Tuesday, July 14, 2009

Confirm Justice Sonia Sotomayor Now

Yesterday, I took a little time to watch the Senate confirmation hearing of Justice Sonia Sotomayor. I guess you really have to be either a historian of American Political History, or have lived, and be able to recall the history you have lived during your past 66 years. I have the unfortunate position of being a little of both.

Watching Republican Senators from the South, like Alabama, talk about prejudice is a bit like living through an Alice In Wonderland story. Why are these men from the deep South Republicans anyway? In 1948, when Harry Truman ran for President, all senators from the deep South were Democrats. What happened that caused them to change?

I remember watching on black and white TV as Governor George Wallace read a speech and stood in the doorway of the University of Alabama protesting the Federal Government's interference in the "right of the state" to decide who could go to a state university. The major requirement back then to go to the University of Alabama was being white. In the early 1960s, during the Kennedy administration, a black man needed the help of the Federal Government to go to class. The south had back then what they called separate, but equal. It was separate, but it was not equal. Today, when I turn on my TV and see the complexion of the University of Alabama football team, I can not help to think back to that shot in my mind of Governor Wallace standing in the door and reading his speech.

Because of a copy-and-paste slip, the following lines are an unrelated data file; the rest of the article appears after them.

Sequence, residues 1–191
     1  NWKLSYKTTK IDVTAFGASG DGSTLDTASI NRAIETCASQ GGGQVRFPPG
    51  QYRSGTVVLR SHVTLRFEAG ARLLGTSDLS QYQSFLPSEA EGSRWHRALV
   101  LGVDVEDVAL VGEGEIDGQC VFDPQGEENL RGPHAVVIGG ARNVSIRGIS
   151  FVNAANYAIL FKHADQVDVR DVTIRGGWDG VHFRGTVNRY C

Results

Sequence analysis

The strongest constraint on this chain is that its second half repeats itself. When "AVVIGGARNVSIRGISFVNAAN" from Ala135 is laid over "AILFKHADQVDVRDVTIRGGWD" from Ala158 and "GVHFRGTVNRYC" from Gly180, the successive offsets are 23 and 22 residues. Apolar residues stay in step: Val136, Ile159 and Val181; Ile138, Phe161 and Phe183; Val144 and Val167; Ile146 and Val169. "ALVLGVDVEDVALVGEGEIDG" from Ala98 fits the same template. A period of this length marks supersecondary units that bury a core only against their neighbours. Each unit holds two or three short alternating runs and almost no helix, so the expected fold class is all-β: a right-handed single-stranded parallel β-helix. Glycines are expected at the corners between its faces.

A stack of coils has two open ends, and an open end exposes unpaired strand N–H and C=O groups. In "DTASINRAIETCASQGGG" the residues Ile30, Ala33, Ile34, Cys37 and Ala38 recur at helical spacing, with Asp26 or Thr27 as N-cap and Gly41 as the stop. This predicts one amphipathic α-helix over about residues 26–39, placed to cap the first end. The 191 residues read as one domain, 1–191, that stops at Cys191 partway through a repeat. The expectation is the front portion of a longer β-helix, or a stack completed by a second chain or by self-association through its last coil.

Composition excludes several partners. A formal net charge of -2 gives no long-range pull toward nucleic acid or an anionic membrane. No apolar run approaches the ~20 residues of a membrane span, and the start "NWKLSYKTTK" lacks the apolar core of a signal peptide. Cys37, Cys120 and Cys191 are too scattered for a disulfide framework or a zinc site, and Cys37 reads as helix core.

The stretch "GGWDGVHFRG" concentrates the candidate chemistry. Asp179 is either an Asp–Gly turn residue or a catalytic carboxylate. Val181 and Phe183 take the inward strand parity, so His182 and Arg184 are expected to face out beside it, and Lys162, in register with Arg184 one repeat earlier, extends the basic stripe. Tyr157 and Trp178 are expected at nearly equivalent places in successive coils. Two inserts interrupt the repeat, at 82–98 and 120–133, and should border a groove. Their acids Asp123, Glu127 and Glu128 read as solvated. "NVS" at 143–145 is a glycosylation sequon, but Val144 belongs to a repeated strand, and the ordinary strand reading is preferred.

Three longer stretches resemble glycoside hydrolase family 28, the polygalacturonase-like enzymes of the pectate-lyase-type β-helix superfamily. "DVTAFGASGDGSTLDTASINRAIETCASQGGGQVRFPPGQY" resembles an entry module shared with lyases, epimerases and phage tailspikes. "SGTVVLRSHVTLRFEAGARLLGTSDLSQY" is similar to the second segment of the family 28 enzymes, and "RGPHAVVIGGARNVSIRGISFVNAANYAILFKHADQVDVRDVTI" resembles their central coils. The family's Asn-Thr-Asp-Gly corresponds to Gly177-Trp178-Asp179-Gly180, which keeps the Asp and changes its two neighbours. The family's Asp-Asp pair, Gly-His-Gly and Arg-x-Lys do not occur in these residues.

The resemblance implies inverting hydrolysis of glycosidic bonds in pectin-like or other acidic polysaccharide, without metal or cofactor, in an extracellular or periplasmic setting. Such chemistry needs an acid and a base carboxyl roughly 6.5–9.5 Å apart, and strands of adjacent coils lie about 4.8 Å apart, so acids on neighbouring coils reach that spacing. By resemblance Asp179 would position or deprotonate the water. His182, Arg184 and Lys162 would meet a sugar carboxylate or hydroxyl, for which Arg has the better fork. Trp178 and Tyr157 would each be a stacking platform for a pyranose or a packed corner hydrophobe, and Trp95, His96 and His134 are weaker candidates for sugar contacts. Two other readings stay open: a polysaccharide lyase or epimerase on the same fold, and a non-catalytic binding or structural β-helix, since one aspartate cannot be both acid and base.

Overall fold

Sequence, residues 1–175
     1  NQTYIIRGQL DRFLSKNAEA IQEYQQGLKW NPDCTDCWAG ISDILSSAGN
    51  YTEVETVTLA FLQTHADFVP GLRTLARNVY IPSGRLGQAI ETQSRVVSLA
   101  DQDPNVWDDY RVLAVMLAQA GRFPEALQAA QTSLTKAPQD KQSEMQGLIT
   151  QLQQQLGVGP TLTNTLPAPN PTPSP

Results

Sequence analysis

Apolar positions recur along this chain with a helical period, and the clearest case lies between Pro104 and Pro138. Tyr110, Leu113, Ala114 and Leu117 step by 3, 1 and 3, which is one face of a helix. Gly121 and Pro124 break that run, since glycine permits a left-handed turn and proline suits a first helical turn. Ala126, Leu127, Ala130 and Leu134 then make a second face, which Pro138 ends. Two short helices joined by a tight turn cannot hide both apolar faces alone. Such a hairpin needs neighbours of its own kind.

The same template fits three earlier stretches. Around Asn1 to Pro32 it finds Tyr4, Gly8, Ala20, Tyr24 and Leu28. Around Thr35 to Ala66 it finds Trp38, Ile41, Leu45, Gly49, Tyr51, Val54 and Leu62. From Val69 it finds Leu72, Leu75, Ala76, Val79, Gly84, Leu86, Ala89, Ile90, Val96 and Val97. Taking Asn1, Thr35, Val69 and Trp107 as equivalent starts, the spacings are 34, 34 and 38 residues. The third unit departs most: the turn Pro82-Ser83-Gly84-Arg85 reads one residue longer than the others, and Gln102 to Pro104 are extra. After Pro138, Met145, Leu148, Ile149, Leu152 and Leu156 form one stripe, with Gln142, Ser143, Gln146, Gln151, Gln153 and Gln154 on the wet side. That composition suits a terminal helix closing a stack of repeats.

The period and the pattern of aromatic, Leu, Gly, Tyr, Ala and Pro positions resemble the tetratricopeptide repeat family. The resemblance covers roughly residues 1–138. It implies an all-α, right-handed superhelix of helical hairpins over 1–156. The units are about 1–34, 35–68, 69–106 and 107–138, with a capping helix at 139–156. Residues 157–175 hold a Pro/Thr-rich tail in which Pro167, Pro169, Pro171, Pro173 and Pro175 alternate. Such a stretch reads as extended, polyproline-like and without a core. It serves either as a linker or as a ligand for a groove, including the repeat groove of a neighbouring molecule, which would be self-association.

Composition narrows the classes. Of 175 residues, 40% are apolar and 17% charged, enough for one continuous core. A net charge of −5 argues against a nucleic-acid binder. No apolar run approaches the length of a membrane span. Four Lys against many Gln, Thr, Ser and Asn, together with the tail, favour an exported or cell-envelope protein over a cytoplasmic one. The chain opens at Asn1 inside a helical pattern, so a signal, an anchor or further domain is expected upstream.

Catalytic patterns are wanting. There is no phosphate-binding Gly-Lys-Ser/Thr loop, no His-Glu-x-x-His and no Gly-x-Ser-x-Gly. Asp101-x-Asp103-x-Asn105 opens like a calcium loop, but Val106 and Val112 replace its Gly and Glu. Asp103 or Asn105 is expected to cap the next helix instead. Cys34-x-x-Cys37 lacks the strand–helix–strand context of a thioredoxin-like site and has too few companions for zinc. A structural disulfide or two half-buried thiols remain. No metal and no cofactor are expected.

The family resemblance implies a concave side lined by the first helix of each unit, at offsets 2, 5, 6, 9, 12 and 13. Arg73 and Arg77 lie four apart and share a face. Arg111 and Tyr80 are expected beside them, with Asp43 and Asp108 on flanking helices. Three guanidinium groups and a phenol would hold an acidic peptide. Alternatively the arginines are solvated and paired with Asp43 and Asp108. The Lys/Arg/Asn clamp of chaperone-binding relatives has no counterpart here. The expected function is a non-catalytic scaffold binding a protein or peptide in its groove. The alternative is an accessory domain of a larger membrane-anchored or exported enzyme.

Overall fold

The South flipped to become Republicans over the issue of States Rights. As they, in the deep south, saw it, the state had the right to refuse a person an education at a state supported university on the basis of color or race.

Now fast forward 60 years to 2009, and now we have a Hispanic woman well qualified to be a Supreme Court Justice, but we are hearing from the white senators from the deep South that this woman might be prejudice? These senators are cards like in the story of Alice In Wonderland, "off with her head?" No, confirm her as a Supreme Court Justice now. Enough foolishness, we have a country to get back on its feet.

Stay tuned.


moneythoughts said...

What kind of post was that Fred? Not one person commented about it. You need to spell things out more clearly when you write about American political history. Do you think everyone that even reads your blog knows who Governor George Wallace was? You expect people to know the political history of the deep South during the Kennedy administration? That is ancient history Fred, get with it. Please.

moneythoughts said...

I think the "Alice In Wonderland" reference was confusing. Next time I will use more names, numbers and dates. :-)

Jientje said...

I don't "do" politics,and the names of American Senators are vague memories to me. Maybe that's why I have enjoyed this post. It's very interesting to read how the world changes, and how this change came about. How you remember it, because you have lived it.

Summer said...

Loved this one, Moneythoughts! We are contemporaries and I spent part of my formative years in the south (Chattanooga), and clearly remember separate drinking fountains, separate entrances, back-of-the-bus rules, etc. These scenes informed my liberal attitudes in adulthood.

For those of us who remember Wallace, the South, Jim Crow and all that, the "Alice in Wonderland" reference is appropriate.